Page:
If jazz or pop trumpet and cornet sound more interesting to you, look for recordings of Louis Armstrong, Dizzie Gillespie, Wynton Marsalis, or Miles Davis (who popularized the use of the flugelhorn in jazz), to name just a few. The Herb Alpert band also featured trumpets with catchy jazz rhythms. Trumpet (or cornet) is also featured in "big band" and dixieland jazz, and in pop bands with brass sections. For piccolo trumpet, listen to the Beatle's "Penny Lane".

If you would like to listen to solo trumpet, look for Clark's Trumpet Voluntary, or for one of many trumpet concertos written by various composers, including Haydn and Hummel. Most small brass ensembles also include trumpets. Easiest to find in this category are music by Gabrieli or brass quintets.

Practical Information for Composers and Arrangers

There are non-transposing concert-pitch ("C") trumpets and cornets, but there are also B flat instruments (cornets are particularly likely to be pitched in B flat), which are transposing instruments. Since most players only have one instrument, it is a good idea to include both a C and a B flat version of every trumpet or cornet part that you write, unless you are certain which type of instrument your player will have.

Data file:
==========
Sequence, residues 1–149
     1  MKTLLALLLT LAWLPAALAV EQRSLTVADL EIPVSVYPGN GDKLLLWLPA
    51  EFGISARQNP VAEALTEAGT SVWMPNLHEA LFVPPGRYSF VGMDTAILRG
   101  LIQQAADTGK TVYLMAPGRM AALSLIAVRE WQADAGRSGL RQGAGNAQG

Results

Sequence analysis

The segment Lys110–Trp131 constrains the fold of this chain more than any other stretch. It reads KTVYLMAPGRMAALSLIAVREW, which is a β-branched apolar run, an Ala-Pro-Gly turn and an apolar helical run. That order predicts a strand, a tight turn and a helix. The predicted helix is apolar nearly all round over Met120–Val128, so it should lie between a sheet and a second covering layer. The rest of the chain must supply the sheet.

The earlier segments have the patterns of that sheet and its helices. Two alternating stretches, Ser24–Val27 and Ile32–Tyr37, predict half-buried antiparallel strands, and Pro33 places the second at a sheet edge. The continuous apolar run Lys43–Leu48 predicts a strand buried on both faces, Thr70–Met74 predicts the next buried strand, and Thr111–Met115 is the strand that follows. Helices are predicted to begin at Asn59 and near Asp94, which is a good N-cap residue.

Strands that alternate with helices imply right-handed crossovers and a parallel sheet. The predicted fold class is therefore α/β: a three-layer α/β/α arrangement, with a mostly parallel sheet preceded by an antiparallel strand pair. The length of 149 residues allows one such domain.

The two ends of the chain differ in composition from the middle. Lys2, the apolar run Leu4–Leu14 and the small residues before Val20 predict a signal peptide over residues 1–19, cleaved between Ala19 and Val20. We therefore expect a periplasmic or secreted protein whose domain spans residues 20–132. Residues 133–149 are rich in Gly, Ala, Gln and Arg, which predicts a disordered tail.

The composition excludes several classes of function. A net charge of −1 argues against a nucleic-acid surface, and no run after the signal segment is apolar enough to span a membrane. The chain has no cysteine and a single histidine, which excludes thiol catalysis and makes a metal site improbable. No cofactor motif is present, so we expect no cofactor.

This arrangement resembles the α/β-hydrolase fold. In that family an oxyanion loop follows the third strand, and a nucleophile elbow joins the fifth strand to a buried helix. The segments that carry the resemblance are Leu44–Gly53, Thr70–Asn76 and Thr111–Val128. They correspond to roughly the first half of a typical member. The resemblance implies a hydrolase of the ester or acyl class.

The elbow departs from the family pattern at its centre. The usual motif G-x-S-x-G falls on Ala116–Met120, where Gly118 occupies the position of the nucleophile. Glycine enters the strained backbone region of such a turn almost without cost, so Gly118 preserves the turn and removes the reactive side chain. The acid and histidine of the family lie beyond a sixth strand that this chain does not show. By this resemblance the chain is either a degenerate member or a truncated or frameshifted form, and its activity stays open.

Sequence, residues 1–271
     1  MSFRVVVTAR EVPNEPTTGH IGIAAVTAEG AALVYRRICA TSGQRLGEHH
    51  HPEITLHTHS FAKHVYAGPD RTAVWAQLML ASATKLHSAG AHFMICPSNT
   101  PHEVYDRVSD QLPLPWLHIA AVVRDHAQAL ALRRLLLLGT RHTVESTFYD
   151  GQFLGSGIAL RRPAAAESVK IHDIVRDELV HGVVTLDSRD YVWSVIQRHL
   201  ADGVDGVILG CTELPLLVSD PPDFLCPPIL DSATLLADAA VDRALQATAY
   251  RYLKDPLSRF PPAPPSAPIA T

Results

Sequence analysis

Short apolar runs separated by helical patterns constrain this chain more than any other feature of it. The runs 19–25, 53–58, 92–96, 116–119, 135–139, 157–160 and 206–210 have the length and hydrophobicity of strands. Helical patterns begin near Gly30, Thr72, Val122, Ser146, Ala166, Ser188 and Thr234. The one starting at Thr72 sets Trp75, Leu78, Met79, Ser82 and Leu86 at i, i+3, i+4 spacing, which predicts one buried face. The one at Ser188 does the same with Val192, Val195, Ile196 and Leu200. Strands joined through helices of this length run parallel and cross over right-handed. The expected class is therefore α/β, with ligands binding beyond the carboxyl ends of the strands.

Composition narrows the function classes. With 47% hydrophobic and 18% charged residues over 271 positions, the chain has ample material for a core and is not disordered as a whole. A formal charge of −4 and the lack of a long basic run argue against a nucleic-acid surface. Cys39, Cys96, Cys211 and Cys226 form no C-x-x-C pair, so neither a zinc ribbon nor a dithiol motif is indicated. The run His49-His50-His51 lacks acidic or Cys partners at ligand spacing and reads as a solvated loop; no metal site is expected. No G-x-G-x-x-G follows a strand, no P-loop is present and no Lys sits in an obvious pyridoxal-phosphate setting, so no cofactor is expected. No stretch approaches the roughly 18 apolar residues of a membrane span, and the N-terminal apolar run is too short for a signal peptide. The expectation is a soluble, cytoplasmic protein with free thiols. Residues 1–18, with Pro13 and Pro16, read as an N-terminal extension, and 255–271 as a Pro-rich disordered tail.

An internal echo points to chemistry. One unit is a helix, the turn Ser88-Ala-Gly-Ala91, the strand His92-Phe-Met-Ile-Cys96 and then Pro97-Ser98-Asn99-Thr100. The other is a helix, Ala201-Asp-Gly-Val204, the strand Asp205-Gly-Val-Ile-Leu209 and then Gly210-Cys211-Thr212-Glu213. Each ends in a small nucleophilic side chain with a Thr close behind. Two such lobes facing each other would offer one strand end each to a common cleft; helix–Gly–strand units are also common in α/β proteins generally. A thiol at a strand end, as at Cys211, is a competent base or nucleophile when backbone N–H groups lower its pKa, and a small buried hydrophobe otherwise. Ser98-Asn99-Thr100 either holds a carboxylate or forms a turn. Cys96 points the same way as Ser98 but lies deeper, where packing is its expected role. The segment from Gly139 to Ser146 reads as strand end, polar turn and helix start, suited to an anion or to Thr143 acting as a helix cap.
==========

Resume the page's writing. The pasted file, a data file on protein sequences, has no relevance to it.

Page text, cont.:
For young or beginning players, notes above the staff and below written middle C should be avoided. Exceptional players can get notes well above the C above the staff, but it's not a good idea to write notes in this range, unless you are certain your player can play them. Even experienced players will have trouble playing parts with long sections of the music above the staff, or very tricky passages in the upper register.

In general, though, the trumpet and cornet are the most agile of the orchestral brass, capable of playing fast notes and large leaps. Being high-pitched brass instruments, they are also both very capable of being heard over large ensembles or in outdoor performances. Due to long-standing associations with certain types of music, both instruments are ideal for giving tunes either a military/fanfare or a jazz/pop flavor. Differences in timbre between trumpets and cornets are slight and will not be noticed by most listeners.